Does the defensre really know it would inflate the score or is that just an assertion? Does the machine operator agree? I mean, couldn't something that goes against the built-in assumptions also deflate the score?
Having a low hematocrit means a higher proportion of plasma in the blood. Alcohol is more soluble in the plasma, so adding alcohol to blood will result in higher BAC in samples with low hematocrit. In other word, an accurate BAC level will be higher in a person of low hematocrit than for a normal person who ingested the same amount of alcohol. This theory only explains why low-hematocrit people should avoid alcohol, it has nothing to do with causing errors in their breath testing.
The "assumptions" made by the Intoxylizer are not all that relevant, if the assumptions only relate to equating breath AC with blood AC. The the partition ratio of 2100:1 (the "assumption" I think is referenced here) is important if you are concerned with estimating blood concentration from a breath sample. But our statute does not require us to equate the breath test to a blood result. It defines intoxication with reference to the breath concentration itself.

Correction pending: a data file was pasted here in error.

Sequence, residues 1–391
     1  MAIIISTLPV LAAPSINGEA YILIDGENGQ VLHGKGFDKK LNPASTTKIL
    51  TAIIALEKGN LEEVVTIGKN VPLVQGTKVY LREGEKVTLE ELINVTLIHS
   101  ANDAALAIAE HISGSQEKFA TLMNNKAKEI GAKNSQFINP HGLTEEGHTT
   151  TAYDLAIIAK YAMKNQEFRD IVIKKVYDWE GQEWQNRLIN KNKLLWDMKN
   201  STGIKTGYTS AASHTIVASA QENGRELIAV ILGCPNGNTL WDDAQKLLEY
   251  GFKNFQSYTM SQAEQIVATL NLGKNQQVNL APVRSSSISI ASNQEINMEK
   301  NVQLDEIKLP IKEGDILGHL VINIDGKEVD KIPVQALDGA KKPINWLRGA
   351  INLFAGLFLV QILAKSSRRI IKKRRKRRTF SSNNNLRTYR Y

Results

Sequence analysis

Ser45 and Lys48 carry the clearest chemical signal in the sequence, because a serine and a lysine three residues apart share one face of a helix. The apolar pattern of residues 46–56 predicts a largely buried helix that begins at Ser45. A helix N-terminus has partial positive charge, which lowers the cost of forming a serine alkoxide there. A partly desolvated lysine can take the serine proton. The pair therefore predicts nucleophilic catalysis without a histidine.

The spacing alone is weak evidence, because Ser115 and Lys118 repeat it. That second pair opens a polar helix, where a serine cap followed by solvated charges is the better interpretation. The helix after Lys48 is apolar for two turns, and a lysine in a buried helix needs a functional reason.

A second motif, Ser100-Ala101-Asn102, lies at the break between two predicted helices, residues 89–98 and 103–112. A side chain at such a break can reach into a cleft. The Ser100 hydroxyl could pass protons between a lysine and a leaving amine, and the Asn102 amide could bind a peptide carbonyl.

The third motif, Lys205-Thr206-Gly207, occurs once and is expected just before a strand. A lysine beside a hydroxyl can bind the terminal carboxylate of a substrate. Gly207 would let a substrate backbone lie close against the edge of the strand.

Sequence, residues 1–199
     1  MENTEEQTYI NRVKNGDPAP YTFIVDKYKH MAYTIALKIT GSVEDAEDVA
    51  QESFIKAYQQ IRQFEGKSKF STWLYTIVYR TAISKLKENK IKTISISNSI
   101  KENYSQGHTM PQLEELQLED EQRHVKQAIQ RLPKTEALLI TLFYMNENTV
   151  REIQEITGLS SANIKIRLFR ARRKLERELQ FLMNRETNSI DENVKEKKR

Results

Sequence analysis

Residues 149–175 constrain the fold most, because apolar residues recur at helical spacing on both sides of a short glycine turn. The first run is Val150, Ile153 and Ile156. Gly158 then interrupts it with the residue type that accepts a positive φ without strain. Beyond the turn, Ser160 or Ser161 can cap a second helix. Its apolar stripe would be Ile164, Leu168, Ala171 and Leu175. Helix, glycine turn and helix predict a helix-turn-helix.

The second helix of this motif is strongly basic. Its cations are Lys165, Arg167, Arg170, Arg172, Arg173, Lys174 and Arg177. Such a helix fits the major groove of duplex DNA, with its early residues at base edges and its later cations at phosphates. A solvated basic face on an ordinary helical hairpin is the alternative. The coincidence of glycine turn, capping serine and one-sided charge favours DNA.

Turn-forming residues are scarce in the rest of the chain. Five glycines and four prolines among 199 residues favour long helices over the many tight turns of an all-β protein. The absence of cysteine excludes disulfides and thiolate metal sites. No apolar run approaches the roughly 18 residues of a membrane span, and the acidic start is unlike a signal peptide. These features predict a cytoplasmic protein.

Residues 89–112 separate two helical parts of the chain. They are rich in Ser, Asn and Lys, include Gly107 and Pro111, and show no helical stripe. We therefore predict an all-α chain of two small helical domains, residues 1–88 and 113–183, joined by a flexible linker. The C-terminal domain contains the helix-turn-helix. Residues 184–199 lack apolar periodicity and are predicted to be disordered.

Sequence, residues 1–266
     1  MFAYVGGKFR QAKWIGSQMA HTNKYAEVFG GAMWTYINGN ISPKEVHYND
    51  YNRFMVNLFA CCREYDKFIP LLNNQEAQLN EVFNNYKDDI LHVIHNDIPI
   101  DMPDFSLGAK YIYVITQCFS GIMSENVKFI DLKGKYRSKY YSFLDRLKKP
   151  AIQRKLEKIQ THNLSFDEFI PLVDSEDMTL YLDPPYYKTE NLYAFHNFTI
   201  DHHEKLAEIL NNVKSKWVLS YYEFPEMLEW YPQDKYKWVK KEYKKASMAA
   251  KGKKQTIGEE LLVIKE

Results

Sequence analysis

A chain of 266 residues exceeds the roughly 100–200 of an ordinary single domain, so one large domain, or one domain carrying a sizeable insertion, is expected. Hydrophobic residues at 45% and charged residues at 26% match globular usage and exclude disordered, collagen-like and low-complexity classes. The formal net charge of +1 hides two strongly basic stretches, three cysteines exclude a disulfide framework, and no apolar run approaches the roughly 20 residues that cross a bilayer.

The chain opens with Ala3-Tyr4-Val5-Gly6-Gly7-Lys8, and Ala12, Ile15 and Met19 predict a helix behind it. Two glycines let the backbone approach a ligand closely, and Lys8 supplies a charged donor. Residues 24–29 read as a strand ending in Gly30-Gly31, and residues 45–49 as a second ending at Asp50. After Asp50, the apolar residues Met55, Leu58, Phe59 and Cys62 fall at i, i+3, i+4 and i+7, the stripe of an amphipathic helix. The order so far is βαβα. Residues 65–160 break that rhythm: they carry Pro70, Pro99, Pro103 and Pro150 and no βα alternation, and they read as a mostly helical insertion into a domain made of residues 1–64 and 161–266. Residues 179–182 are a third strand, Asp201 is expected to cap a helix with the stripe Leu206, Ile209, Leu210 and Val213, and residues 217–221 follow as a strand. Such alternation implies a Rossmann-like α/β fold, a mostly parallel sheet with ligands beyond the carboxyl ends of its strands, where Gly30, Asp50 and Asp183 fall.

Unless this medical condition results in the presence in one's breath of something that the intoxylizer erroneously reads as alcohol (which I find hard to believe) then the instrument is properly measuring the amount of alcohol in the breath. A medical reason for having a high alcohol concentration does not negate the fact that you have a high concentration, it corroborates it.
Right the statute specifies a breath concentration, but it isn't that simple. There are some exceptions due to the limitations of the machine. For example the machine can't give good results if the driver drinks more alcohol or vomits immediately before giving the sample. These things may lower the reliability of the machine's calculation.
If extra alcohol in the mouth might upset the machine output then might extra alcohol in the plasma do the same? Just thinking out loud here but with reduced blood cells, the circulatory system would need to pump a higher volume of plasma through the lungs to get the same amount of oxygen as compared to a normal person. So a breath taken by this individual would be exposed to more plasma than a breath taken by a normal person. I'm not saying it's true, just plausible.
Bottom line is trouble if the machine operator testifies that the machine is not calibrated for someone with this medical condition... unless the operator also says the machine would under-report for somebody in this situation. This seems like a good time to cover the driver's loss of normal use.